Anna Maria Josephine Reitz and her family had a spectacular jewelry collection. And after she died, a local jeweler used it to make something special.
In 1929, David Cohn, one of the founders of Kruckemeyer & Cohn Fine Jewelry, designed a gold chalice for Reitz. She donated it to Holy Trinity Catholic Church just before her death. Cohn then used the chalice, along with her jewelry, to create a tribute to the church.
The result is known as the Reitz Chalice. It contains 507 diamonds, 15 rubies, seven sapphires, pearls, and emeralds. At the base, six engraved medallions tell of the Sacred Heart of Jesus, St. Francis, St. Joseph, St. Peter, the Immaculate Heart of Mary, and St. Michael the Archangel.
Sept. 19, the chalice will again be very briefly put on public display during the Jewel of the City Ball at the Evansville Country Club. Proceeds benefit the Reitz Home Museum, as well as Holy Trinity.
Karan Pastora, Reitz Home Museum Guild Ball chair and vice president of the board of directors, says the museum’s board members feel very fortunate to have the opportunity to show off this rarely seen treasure.
“It’s going to be a very exciting black tie formal event,” says Pastora. “It really is a jewel of the city, this chalice and the museum, and they are intertwined. This is going to be, in my opinion, the most elegant event in Evansville this year.”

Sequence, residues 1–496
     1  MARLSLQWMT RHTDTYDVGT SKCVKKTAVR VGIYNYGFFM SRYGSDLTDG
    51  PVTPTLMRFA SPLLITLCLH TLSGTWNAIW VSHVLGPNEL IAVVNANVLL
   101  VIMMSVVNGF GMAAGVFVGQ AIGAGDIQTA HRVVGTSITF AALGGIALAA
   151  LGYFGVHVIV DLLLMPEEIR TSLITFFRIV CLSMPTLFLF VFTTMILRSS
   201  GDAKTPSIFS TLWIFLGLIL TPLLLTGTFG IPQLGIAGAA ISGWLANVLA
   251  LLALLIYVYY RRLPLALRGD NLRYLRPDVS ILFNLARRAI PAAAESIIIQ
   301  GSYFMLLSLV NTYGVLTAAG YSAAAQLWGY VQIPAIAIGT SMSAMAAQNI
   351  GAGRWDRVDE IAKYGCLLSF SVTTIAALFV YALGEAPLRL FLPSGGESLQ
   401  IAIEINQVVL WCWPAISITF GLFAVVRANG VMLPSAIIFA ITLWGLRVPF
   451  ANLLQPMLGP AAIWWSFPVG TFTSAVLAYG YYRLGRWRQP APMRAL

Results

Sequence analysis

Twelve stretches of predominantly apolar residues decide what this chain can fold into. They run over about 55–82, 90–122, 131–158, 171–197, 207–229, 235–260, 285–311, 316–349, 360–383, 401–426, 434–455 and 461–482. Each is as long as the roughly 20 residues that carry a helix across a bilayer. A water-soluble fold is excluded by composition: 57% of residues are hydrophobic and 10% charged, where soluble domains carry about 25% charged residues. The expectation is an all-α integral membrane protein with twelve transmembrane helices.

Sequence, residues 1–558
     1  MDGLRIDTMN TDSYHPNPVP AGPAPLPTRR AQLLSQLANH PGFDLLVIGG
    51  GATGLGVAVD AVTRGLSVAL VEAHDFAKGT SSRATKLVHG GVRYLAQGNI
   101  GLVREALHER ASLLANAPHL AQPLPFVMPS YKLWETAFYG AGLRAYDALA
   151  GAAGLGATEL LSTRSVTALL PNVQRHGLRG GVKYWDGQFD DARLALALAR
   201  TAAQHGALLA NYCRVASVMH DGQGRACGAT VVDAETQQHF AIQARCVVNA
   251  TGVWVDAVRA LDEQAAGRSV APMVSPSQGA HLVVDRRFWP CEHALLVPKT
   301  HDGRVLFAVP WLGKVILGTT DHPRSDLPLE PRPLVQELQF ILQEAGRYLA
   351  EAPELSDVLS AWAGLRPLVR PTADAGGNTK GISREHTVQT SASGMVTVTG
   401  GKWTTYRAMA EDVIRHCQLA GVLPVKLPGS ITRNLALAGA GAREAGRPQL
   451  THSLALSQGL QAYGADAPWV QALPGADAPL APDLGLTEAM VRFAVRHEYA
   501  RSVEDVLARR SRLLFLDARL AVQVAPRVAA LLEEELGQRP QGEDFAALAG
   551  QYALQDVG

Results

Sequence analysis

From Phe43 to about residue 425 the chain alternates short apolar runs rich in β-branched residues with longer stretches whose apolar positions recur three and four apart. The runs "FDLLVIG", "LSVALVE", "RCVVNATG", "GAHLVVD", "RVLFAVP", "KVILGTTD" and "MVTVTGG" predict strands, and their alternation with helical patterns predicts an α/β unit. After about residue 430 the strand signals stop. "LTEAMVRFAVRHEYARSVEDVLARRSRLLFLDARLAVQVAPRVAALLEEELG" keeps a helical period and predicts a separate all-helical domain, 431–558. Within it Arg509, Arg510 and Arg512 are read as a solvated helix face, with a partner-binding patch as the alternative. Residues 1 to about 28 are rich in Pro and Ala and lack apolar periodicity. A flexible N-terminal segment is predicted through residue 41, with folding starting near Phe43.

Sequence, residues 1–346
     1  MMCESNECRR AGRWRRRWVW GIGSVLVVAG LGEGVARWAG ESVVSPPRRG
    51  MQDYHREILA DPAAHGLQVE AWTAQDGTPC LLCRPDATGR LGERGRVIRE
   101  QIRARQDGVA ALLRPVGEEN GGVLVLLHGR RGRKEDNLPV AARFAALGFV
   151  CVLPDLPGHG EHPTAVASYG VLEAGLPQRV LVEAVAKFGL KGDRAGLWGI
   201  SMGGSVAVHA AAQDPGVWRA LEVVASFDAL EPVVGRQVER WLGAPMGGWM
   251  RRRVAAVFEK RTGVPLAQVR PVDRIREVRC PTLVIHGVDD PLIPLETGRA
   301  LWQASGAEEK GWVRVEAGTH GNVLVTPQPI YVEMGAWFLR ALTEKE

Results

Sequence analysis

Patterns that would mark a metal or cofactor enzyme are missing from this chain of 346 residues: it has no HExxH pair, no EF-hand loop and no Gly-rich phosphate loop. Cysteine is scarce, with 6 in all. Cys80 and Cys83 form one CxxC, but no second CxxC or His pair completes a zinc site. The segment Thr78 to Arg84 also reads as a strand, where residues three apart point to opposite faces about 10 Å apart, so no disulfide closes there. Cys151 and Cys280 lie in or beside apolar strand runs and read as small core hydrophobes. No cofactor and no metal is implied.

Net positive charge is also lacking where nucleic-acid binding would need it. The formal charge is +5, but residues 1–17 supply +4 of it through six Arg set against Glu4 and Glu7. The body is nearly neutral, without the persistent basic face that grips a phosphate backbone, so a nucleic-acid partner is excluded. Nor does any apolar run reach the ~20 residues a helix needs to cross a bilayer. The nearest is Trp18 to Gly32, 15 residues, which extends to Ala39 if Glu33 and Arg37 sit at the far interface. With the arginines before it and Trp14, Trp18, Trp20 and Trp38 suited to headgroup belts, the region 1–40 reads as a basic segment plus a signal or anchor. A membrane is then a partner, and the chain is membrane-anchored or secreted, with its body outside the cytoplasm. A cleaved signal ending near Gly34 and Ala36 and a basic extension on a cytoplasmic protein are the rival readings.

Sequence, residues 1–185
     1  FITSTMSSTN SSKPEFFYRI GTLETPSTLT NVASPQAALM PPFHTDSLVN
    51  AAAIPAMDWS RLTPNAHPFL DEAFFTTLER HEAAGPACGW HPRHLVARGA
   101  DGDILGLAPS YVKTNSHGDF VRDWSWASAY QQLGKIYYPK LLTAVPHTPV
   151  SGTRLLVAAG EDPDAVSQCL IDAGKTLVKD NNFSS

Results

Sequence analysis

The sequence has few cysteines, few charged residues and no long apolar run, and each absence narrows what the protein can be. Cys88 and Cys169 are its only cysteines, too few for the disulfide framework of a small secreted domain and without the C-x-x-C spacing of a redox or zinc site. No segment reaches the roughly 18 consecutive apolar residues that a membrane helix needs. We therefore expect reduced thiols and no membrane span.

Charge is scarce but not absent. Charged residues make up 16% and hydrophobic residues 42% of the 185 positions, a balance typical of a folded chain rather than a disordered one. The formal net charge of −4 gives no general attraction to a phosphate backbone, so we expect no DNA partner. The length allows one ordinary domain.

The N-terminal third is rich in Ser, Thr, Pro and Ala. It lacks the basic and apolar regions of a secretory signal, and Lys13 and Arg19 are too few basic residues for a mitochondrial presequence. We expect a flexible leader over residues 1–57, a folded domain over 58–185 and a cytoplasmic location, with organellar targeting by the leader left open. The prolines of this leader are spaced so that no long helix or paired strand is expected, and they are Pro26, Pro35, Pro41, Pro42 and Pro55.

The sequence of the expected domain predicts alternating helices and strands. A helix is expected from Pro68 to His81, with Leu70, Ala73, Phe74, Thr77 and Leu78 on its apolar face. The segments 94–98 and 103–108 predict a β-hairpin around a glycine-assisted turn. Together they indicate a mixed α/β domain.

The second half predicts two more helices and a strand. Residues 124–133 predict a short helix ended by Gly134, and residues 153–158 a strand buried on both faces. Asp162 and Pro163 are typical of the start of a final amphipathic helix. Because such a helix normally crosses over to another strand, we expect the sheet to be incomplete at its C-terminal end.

The Evansville Diocese, working on behalf of Holy Trinity, is particularly sensitive about giving out too many details about the chalice. There are limits as to what the Reitz Home Museum can divulge, like the chalice’s worth, size, and other specific details. And that only adds to the mystery.
The original chalice was crafted by Cohn in Germany, though it’s unclear why it couldn’t be made in the U.S. And the date 1830 is etched into the base, though that year has no clear significance to the Reitz family.
Although it was once regularly used in communion ceremonies, today the chalice is rarely seen in public. It was briefly on display at the Reitz Home Gala in 1991. It was kept hidden for more than a decade until 2004, when it was shown at Kruckemeyer & Cohn Fine Jewelry. In 2011, the chalice was used in the installation ceremony of Most Reverend Charles C. Thompson as the Bishop of the Catholic Diocese of Evansville.
The ball is planned to be every bit as opulent as the chalice, with carefully decorated tables, finely prepared dishes, an 18-piece orchestra, candelabras, and Victorian-era clothing. It will be held from 6 to 11 p.m. in the ballroom at Evansville Country Club. Kruckemeyer and Cohn will display other pieces of jewelry for sale.
Tickets, which can be purchased by calling 812-867-3733, are $135 per person for non-members of the Reitz Museum, or $100 for members. Seating is limited to 375 guests, and the event is expected to sell out.
For more information about the Jewel of the City Ball and other events at the Reitz Home Museum, visit reitzhome.com.